Saturday, June 8, 2024

Old Wave / New Wave

 the cusp of a changeover, dramatised in same-page juxtapositions in this June 4 1977 issue of Melody Maker

The band on the right is UFO

A cover of the Love song! 1967-in-1977!

Astonishingly faithful cover, in fact.

Interestingly. in the same issue, Caroline Coon, doing the singles, more or less says that punk is over already - it's become a cliche, something the industry will be churning out as product by the yard

Coon herself had been through several revolutions of the fashion cycle by this point... 

UFO, a few years earlier, put out a record, Force It, whose cover tangles up Old Wave and New Wave

The design is by Hipgnosis, which in this case probably means Peter Christopherson, because the naughty couple in the bathtub are Genesis P (ghastly ponytail!) and Cosey FT - this must be just as TG are getting started 


  1. It's funny - I was watching part of Urgh! A Music War a few days ago, and at least as late as 1980 in LA, most of the audience reaction shots for The Dead Kennedys' spot looked more like the denim ad than the Pistols; I posted screencaps on my Bluesky account:

    In the UK, the transformation was, as you say, a blink of an eye - in the US, it seems to have been much more sluggish and haphazard, even among the base (maybe because the US standard bearers, the Ramones, didn't really bother? Johnny, Dee Dee and the later drummers maintained their bowl cuts, and Joey and Tommy never cut it at all); as I say in the thread, it's part of the 80s hardcore myth that aggressive adherents would seize, then forcibly shave ('scalp') unfortunate long-haired patrons, but it's never really explained what they were doing there to begin with

    1. If you look at footage of New Wave concerts in the UK, you do see a lot of longish hair types in the audience, or just ordinary kids who haven't really changed their hair or their clothes much. Quite a few of the bands too, there's people - usually not the frontline people - who haven't really changed their look that much. The hair is still a bit long. Probably they've got rid of the beard or the 'tache they had a few years ago. The trousers are tighter.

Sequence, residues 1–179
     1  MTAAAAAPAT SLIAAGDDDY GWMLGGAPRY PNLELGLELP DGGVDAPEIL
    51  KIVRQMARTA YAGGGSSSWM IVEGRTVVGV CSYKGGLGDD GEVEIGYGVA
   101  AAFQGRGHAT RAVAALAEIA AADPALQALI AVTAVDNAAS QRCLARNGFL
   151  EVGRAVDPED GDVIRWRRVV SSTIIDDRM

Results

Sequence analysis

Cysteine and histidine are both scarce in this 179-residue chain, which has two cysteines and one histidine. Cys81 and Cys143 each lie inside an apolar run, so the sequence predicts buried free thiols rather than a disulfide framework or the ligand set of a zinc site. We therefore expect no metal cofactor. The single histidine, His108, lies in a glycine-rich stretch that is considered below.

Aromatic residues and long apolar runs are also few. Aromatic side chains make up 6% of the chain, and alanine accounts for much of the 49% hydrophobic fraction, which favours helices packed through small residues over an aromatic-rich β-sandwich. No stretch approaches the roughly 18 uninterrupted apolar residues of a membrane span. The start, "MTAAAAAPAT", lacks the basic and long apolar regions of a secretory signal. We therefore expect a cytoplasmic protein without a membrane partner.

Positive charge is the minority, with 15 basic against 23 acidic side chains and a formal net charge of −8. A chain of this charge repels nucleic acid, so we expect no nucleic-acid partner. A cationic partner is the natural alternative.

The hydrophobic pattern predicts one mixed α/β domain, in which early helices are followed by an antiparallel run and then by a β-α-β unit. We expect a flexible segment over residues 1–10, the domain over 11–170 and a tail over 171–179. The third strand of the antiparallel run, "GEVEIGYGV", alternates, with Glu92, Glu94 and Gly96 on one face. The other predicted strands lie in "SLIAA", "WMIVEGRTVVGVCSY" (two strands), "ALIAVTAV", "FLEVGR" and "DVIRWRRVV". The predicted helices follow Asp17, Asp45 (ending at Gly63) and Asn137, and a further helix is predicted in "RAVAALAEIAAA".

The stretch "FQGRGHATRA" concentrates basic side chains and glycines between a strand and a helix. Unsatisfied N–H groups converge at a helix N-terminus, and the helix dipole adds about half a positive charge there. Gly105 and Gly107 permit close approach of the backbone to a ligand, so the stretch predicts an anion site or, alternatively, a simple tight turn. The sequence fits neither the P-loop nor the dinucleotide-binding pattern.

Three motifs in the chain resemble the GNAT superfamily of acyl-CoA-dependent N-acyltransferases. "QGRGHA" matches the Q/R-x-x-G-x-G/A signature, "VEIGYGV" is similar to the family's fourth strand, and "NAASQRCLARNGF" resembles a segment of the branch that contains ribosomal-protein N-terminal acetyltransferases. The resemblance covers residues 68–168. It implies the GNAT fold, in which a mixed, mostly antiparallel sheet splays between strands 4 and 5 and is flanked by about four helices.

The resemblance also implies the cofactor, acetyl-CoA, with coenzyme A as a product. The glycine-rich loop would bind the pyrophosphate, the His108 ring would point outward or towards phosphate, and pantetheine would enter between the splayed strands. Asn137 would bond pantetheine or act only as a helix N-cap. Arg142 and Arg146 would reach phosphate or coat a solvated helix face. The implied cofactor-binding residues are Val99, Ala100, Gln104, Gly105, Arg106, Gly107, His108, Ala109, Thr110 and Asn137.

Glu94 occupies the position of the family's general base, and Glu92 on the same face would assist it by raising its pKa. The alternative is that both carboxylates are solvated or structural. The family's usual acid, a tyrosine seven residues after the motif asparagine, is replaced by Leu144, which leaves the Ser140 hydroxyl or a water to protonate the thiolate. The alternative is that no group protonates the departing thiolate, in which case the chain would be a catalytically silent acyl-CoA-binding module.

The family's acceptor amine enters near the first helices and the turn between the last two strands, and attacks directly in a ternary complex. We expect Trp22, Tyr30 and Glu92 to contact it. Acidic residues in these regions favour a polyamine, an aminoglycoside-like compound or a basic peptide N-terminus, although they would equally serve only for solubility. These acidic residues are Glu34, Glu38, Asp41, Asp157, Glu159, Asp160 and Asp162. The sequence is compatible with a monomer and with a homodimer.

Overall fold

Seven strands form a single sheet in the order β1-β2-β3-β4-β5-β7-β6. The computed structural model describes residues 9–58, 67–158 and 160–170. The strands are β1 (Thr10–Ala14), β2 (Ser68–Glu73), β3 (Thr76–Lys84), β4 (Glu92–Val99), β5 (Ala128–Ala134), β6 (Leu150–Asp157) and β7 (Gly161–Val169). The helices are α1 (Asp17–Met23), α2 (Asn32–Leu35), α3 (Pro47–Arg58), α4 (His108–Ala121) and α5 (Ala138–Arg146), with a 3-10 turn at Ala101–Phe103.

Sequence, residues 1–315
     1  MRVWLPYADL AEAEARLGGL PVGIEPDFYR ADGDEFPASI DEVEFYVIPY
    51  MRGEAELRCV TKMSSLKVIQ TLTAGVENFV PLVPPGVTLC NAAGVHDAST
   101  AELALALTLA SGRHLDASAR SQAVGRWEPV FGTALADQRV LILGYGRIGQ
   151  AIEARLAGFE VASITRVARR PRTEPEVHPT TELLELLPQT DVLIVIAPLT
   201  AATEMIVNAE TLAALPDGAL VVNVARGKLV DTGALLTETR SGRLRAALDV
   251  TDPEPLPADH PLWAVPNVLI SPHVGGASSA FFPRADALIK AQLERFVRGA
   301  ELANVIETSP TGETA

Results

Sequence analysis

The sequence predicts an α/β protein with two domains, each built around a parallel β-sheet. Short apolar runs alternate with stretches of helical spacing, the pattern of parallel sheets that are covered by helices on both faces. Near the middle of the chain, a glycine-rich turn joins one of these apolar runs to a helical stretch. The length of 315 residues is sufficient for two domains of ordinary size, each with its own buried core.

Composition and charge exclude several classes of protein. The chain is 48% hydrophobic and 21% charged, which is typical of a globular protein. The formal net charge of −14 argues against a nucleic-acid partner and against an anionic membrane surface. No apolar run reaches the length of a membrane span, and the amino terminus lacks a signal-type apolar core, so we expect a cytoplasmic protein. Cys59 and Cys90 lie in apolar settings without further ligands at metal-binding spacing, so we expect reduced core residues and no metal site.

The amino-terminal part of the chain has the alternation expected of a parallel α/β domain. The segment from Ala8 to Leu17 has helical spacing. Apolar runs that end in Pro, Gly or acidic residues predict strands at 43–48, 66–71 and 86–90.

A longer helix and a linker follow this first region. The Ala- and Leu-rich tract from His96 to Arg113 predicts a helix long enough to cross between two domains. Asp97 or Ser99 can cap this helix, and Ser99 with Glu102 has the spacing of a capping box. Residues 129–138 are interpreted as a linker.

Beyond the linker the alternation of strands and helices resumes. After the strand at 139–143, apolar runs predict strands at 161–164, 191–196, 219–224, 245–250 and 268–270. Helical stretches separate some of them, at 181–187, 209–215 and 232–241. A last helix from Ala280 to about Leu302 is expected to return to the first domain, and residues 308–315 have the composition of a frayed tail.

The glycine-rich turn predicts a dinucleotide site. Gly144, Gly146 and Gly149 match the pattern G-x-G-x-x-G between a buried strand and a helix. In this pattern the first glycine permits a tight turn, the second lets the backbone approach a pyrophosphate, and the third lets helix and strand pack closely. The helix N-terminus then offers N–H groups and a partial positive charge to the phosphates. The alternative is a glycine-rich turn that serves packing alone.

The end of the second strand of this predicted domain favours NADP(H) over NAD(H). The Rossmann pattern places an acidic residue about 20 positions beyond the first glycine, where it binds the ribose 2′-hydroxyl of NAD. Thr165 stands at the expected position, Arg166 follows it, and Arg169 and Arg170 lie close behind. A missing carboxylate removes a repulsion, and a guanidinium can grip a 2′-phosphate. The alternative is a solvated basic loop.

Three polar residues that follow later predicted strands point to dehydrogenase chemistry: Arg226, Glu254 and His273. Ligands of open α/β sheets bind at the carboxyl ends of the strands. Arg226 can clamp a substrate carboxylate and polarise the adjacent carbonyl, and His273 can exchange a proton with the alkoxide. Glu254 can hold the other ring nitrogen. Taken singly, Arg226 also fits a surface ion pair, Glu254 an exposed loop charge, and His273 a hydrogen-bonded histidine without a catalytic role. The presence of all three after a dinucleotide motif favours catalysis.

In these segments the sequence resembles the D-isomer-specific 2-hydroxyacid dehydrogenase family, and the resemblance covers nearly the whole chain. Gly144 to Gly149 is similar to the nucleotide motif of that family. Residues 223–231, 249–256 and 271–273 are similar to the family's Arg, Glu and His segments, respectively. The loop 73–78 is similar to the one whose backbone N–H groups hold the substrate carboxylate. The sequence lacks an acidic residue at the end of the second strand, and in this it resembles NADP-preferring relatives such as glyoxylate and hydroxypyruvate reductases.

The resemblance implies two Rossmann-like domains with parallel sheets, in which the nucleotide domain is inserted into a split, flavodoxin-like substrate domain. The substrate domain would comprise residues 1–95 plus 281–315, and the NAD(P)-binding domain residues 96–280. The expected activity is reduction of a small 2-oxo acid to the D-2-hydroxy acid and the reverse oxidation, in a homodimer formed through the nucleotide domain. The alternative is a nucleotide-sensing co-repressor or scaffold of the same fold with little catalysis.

2. 10 years later, The Damned would cover Alone Again Or, to no especial point (who was listening to 1987-vintage Damned in the first place?). They change a few of the pronouns, but I can't bring myself to care.

    In honesty, the performative critical lambasting The Doors have latterly and massively unfairly received has coarsened my appreciation of Love, since the lambasters heralded Love as the replacement late 60s LA psychedelic band. But let's be frank: as good as Love were:
    1) Jim Morrison was a far better singer than Arthur Lee;
    2) Jim Morrison was a far more interesting lyricist than Arthur Lee, and
    3) The Doors' debut album is a better album that Forever Changes.

    1. I love The Doors and Love roughly equally - loved the Doors first and more formatively... but "Forever Changes", the first side of Da Capo, this is magical stuff. There's just less of Love than there is of great Doors stuff (but equally the Doors great stuff balanced out by a lot of misfires and duds on all the album after the first one).

      So I would strike the words "far better" and "better" and replace them with "quite different". They are competing in different races. There's no blues in Love, it's a less physically driving music.

    2. Yeah, I was too harsh on Love there. But I do think I've got a point: the eventual backlash against the Doors has led to perhaps an overgenerous reassessment of Love. And Morrison was a better singer than Lee. I don't see how anyone could argue to the contrary.

  3. UFO were hilarious style-shifters early in their career. The first album is a sort of Blue Cheer / MC5 back-to-basics move, with covers of 'C'Mon Everybody' and 'Who Do You Love', and a track called simply 'Boogie'. Then the difficult second-album is space rock with 19- and 26-minute tracks, and a song called 'The Coming of Prince Kajuku'. And then on the third album their hit their groove as the John the Baptists for the New Wave of British Heavy Metal, and they stick with that style for about a dozen records.

    One of the seminal influences on Spinal Tap, I always think, along with Uriah Heep.


Old Wave / New Wave

 the cusp of a changeover, dramatised in same-page juxtapositions in this June 4 1977 issue of Melody Maker The band on the right is UFO A c...